The conclusions of the project are derived not only from the prototypical crosswalk, but also include two other prototype-based studies:

Overall, the studies found that actor-networks exhibit a social viscosity that hinders people’s interactions. This is because when people try to collectively accomplish goals, they offer resistance to one another. The studies also show that the intervention of smart artifacts can facilitate the achievement of cooperative and collaborative interaction between actors when the artifacts enact the dominant moral principles which prompt the preservation of social balance, enhance the network’s information integrity, and are located at the focus of activity. (Salamanca, 2012, p. xiv)

One of the advantages shared by design and the digital humanities is that both fields are willing to accept the idea of an object of study being created for the purpose of addressing a research question.

Production prototypes: Varieties of cellphone vibrations

Whereas an experimental prototype embodies an idea for purposes of study, a production or development prototype embodies an idea for purposes of dissemination and use. Production prototypes, like any artifact, can be treated as an object of study, but that is not their primary purpose. The prototyping cycle is therefore usually less exploratory, except perhaps in its initial phases, and is more sequential. That is, an experimental prototype may sometimes follow a sequence of iterations, but is more likely to resemble a starfish, with a central concept and different prototypes to explore each of the aspects of the concept. A development prototype tends instead to begin with a single idea that is then refined until it is ready for production, distribution, and use.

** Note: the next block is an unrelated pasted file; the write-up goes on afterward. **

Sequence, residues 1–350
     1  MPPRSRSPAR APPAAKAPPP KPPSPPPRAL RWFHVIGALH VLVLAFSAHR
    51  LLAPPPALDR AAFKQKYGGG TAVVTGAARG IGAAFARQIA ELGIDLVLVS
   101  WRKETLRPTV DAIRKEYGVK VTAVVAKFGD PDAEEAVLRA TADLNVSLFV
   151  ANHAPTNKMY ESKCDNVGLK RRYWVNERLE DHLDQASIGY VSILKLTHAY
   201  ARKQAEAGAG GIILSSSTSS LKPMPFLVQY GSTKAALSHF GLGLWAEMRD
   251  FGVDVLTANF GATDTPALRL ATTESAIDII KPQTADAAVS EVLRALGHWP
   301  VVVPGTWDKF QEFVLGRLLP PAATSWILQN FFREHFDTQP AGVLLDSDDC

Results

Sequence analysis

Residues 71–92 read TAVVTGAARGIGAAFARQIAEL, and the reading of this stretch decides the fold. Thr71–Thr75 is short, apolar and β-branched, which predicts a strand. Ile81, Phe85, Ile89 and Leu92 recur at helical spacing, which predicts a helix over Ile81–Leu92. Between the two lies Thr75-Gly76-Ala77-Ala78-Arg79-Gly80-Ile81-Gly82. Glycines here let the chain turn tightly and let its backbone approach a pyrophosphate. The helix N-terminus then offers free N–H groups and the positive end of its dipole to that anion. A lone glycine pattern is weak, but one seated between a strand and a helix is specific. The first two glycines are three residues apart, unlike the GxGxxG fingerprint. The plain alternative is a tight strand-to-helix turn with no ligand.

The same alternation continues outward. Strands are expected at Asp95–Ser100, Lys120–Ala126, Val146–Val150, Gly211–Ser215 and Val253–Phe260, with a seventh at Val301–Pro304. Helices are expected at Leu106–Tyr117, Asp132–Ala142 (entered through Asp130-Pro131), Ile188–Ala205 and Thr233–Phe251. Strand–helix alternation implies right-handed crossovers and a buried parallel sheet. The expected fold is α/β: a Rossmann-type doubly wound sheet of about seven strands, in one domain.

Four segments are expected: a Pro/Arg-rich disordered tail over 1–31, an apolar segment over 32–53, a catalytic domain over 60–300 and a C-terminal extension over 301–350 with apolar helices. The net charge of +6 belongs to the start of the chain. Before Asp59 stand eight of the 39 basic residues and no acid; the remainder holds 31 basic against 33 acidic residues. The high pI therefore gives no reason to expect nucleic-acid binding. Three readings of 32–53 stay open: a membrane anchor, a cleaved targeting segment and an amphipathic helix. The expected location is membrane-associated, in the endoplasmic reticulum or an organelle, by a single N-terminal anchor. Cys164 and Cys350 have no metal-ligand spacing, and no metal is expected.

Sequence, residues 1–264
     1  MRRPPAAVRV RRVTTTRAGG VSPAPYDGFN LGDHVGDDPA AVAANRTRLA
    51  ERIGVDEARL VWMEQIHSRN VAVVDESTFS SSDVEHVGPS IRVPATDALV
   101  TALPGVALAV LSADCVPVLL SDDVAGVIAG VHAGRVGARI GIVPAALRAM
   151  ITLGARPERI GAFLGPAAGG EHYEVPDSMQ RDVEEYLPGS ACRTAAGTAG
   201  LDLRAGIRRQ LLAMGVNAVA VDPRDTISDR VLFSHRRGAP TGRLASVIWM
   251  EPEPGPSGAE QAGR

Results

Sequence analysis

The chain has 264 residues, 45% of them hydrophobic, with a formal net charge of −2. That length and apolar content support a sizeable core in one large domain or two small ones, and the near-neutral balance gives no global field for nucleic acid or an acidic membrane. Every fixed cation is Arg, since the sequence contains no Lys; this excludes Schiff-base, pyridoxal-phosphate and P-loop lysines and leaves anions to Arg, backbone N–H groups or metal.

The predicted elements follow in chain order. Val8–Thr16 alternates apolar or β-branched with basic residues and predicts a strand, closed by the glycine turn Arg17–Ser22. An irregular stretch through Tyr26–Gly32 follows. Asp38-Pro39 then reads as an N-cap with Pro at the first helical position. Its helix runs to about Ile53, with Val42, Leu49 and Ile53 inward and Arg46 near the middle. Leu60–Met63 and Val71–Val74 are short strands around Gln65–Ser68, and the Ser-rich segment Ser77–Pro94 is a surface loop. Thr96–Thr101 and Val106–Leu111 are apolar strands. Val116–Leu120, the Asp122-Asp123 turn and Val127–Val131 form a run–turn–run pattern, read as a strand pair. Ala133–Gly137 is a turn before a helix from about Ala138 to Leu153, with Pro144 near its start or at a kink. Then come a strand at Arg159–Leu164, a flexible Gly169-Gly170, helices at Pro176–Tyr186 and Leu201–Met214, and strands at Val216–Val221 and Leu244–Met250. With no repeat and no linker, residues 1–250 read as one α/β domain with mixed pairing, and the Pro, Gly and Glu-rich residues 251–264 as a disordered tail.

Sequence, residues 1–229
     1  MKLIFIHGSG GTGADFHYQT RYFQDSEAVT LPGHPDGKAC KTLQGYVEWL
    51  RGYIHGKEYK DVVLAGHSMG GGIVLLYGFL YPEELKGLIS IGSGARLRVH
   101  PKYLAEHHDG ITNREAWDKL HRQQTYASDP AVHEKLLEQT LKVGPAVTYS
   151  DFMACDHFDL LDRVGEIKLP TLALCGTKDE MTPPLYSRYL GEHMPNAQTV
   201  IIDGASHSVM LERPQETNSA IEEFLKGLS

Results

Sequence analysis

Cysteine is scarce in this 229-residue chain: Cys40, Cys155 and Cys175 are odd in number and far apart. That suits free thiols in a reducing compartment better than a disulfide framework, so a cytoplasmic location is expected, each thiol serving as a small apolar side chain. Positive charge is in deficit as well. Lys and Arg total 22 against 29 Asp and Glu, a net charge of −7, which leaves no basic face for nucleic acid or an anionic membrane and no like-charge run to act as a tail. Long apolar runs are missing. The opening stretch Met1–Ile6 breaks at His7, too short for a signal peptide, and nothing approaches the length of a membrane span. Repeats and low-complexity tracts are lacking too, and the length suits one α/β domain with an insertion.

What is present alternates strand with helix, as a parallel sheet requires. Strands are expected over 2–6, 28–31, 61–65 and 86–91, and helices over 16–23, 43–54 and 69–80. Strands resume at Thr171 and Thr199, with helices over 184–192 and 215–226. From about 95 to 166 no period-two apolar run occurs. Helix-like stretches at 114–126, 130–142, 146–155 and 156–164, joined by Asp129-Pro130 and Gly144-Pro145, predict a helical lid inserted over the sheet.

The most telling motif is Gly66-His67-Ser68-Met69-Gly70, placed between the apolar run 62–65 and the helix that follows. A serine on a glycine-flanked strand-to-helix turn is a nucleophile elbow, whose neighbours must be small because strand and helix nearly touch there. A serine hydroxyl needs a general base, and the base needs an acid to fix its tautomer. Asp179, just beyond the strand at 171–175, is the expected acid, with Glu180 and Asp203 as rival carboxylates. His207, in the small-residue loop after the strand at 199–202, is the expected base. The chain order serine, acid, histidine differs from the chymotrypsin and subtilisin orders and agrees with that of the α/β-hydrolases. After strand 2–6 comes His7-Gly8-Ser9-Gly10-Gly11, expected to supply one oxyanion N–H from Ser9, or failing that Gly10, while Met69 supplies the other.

A discussion that frequently arises with respect to production prototypes revolves around the twin concepts of fidelity and quality. Typically, the early phases of the process involve broader strokes, and therefore, in the interests of minimizing time and cost, it is common to begin with low-fidelity prototypes, perhaps using materials that are readily available in any design studio, and increase the fidelity as the iterations move closer toward a finished product. An iconic example is told of the industrial design firm IDEO, where during a client meeting, a designer prototyped a new kind of pistol grip for surgery using a white board marker, 35 mm film canister, clothespin, and tape (Brown, 2009). Since low-fidelity prototypes are intended to be suggestive rather than definitive, their quality or degree of polish is sometimes given less attention than would otherwise be the case. However, even given a marker, empty film canister, and clothespin, it is possible to put the tape on crooked or straight, to pay attention to the alignment of the components, and so on – all of which have a perceptual effect, perhaps in some cases only subliminal, on the people who interact with it, potentially creating unnecessary noise or distraction.